Suicide Kings

( 9 )


Peter O' Fallon's tense crime thriller Suicide Kings comes to DVD with a widescreen anamorphic transfer that preserves the original theatrical aspect ratio of 1.85:1. The closed-captioned English soundtrack is rendered in Dolby Digital 5.1. Spanish subtitles are accessible. Supplemental materials include a commentary track by director and producer Wayne Rice, theatrical trailers, alternate endings with optional commentary from the director, production notes, and cast and crew information. This is a very good ...
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Peter O' Fallon's tense crime thriller Suicide Kings comes to DVD with a widescreen anamorphic transfer that preserves the original theatrical aspect ratio of 1.85:1. The closed-captioned English soundtrack is rendered in Dolby Digital 5.1. Spanish subtitles are accessible. Supplemental materials include a commentary track by director and producer Wayne Rice, theatrical trailers, alternate endings with optional commentary from the director, production notes, and cast and crew information. This is a very good disc, made all the more appealing thanks to the inexpensive list price.
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Special Features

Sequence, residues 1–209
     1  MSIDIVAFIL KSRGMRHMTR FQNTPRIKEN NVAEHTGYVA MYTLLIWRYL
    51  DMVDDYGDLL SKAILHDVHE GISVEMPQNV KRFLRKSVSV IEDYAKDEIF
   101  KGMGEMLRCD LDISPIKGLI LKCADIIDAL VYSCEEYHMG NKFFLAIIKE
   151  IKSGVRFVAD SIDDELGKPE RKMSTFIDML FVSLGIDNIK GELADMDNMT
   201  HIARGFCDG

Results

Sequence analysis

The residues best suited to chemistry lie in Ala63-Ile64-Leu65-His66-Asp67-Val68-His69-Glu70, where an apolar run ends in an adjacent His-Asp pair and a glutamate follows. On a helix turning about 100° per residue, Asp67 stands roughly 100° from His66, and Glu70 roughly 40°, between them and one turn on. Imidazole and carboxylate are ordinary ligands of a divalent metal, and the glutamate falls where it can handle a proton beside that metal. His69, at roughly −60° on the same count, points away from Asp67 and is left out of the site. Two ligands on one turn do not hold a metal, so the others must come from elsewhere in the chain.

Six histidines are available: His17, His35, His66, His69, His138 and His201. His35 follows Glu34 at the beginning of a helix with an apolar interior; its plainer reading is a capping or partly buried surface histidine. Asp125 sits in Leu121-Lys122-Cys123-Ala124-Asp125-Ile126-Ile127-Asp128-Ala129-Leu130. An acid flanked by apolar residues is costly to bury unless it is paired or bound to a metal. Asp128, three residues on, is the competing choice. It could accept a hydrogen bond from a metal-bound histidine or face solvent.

16:9 widescreen version; 5.1 dolby digital audio; Commentary track; Alternate endings; Theatrical trailer; Interactive menus; Closed captioning; Spanish subtitles; Production notes; Cast & crew information
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Editorial Reviews

All Movie Guide - Robert Firsching
Simultaneously funny, creepy, and violent, this story of wealthy youths who stage an ill-planned abduction of a homicidal mobster is a wickedly nasty treat for crime buffs. The young cast of kidnappers has great chemistry, and manages to be believable in some rather unlikely exchanges with each other and their ruthless, cunning captive Christopher Walken. Denis Leary steals the show as Walken's cynically profane goon, and there are some fine supporting turns by Henry Thomas (E.T.), Jay Mohr (Saturday Night Live), and Johnny Galecki (Roseanne). Gripping and riddled with dark humor, Suicide Kings is an entertaining poisoned confection.
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Product Details

  • Release Date: 8/14/2001
  • UPC: 012236114277
  • Original Release: 1997
  • Rating:

  • Source: Lions Gate
  • Region Code: 1
  • Aspect Ratio: Theatre Wide-Screen (1.85.1)
  • Presentation: Wide Screen
  • Sound: Dolby Digital 5.1 Surround
  • Language: English
  • Time: 1:43:00